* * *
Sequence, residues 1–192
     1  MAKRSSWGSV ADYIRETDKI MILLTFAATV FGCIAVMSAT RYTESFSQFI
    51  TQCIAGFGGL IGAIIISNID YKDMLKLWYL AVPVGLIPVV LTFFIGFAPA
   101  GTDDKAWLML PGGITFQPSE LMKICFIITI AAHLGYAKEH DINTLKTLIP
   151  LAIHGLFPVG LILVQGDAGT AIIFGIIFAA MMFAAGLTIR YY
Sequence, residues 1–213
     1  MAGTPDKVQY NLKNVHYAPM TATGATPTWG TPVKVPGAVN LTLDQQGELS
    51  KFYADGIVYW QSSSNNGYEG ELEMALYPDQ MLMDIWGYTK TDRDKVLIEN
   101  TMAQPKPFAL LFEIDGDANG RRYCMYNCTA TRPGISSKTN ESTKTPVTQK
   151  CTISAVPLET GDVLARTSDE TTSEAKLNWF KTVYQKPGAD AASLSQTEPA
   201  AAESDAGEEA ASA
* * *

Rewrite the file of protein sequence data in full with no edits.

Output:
Sequence, residues 1–192
     1  MAKRSSWGSV ADYIRETDKI MILLTFAATV FGCIAVMSAT RYTESFSQFI
    51  TQCIAGFGGL IGAIIISNID YKDMLKLWYL AVPVGLIPVV LTFFIGFAPA
   101  GTDDKAWLML PGGITFQPSE LMKICFIITI AAHLGYAKEH DINTLKTLIP
   151  LAIHGLFPVG LILVQGDAGT AIIFGIIFAA MMFAAGLTIR YY
Sequence, residues 1–213
     1  MAGTPDKVQY NLKNVHYAPM TATGATPTWG TPVKVPGAVN LTLDQQGELS
    51  KFYADGIVYW QSSSNNGYEG ELEMALYPDQ MLMDIWGYTK TDRDKVLIEN
   101  TMAQPKPFAL LFEIDGDANG RRYCMYNCTA TRPGISSKTN ESTKTPVTQK
   151  CTISAVPLET GDVLARTSDE TTSEAKLNWF KTVYQKPGAD AASLSQTEPA
   201  AAESDAGEEA ASA